Low-temperature scanning electron microscopy of irregular snow crystals

TitleLow-temperature scanning electron microscopy of irregular snow crystals
Publication TypeConference Proceedings
Year of Publication2002
AuthorsWergin W.P., Rango A., Foster J., Erbe E.F., Pooley C.D.
Conference NameJournal of Microscopy and Microanalysis
Volume8
Number of VolumesSuppl. 2
Pagination722-723
Date PublishedDecember 10, 200
ARIS Log Number133885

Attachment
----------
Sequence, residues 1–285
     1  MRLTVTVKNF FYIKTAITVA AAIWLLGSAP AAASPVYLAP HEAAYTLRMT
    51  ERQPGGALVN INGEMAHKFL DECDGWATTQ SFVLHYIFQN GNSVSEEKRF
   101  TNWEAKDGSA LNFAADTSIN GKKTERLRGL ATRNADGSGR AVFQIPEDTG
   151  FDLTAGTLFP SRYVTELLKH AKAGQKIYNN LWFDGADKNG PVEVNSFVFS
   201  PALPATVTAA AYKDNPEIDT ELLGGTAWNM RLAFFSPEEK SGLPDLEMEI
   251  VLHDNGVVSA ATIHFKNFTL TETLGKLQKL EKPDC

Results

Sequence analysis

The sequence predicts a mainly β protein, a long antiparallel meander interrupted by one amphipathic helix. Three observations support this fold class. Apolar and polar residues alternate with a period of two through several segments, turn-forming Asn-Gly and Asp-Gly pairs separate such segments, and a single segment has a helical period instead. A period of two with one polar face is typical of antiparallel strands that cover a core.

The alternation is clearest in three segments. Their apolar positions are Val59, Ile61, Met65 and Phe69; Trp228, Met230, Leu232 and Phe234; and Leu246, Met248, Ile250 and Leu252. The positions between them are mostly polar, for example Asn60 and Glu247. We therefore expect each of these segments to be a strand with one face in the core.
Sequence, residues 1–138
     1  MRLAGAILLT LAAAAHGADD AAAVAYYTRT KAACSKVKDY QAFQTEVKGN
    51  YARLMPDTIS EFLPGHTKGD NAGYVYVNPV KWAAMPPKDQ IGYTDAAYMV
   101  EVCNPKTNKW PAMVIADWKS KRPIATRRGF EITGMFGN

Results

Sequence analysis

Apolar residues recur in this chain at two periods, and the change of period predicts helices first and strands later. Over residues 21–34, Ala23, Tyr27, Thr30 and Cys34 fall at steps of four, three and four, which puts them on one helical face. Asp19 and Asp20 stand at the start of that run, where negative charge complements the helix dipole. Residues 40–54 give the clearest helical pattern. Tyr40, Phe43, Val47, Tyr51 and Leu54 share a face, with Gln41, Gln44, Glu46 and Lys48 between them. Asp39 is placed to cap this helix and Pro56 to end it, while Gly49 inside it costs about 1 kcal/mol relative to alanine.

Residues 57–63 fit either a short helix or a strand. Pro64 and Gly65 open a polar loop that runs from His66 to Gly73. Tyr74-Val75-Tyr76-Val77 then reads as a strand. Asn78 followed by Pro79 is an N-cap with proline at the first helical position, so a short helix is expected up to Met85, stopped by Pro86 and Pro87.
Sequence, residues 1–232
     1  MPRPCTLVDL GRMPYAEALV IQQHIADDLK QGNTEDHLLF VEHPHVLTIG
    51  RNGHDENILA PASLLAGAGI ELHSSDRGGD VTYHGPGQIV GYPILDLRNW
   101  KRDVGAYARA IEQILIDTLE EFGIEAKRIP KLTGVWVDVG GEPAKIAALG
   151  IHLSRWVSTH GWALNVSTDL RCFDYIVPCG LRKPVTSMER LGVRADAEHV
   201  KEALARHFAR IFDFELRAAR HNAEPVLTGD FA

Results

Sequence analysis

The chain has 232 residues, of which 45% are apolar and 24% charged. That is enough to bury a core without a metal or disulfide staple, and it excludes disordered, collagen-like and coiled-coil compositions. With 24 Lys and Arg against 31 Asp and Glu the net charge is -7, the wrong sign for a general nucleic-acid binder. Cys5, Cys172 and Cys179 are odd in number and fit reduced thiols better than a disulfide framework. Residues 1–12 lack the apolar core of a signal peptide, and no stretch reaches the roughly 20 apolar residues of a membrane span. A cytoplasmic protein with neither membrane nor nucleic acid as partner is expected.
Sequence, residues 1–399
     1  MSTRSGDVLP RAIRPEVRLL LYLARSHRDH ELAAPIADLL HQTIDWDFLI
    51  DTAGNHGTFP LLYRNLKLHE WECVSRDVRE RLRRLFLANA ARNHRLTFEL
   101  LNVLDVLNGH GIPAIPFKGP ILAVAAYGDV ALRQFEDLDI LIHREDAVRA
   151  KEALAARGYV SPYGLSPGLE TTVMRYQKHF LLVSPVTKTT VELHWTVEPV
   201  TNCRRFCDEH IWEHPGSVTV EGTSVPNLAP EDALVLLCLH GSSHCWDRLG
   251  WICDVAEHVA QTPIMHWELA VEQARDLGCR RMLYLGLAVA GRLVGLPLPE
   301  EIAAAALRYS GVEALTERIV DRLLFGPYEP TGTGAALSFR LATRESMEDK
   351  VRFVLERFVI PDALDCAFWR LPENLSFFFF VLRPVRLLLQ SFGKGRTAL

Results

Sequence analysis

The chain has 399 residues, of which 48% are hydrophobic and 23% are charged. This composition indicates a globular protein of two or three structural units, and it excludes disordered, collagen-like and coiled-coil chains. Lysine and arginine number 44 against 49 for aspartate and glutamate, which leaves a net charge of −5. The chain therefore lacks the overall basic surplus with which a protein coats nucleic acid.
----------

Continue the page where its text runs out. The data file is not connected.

AbstractSnow crystals occur in eight basic types: columns, needles, plates, dendrites, irregular crystals, graupel, hail and ice pellets. Most of these types have been described and photographed. However, our understanding of "irregular crystals" remains vague because the limited resolution and depth-of-field associated with the light microscope have prevented investigators from fully characterizing and clearly illustrating the features of these crystals. Our study used a field-emission scanning electron microscope (FESEM) equipped with a cold stage to document the structural features, physical associations, and atmospheric metamorphosis of irregular snow crystals. Snow samples, consisting of freshly fallen snowflakes, were collected from six different locations where air temperatures ranged from -5 degrees C to 0 degress C. Crystals believed to correspond to irregular crystals appeared as short, irregular hexagons measuring 60 to 90 um across when viewed from the a-axis. Their length (c-axis) rarely exceeded the diameter. The irregular crystals were occasionally found as secondary particles on other larger forms of snow crystals. However, they most frequently occurred as aggregates consisting of more than 100 irregular crystals. In the aggregates, the irregular crystals had their c-axes oriented parallel to one another and collectively tended to form columnar structures. Occasionally, the aggregates exhibited rounded facets along one side, suggesting atmospheric metamorphoses and unidirectional fall. In extreme cases of metamorphoses, the aggregates would be difficult to distinguish from graupel. Frost consisting of irregular crystals was also encountered, suggesting that atmospheric conditions that favor this form of growth also occur terrestrially. Results obtained with low temperature FESEM suggested that crystals which were previously designated as "irregular crystals" have distinctive features that can be used to characterize and distinguish them from other types of snow crystals.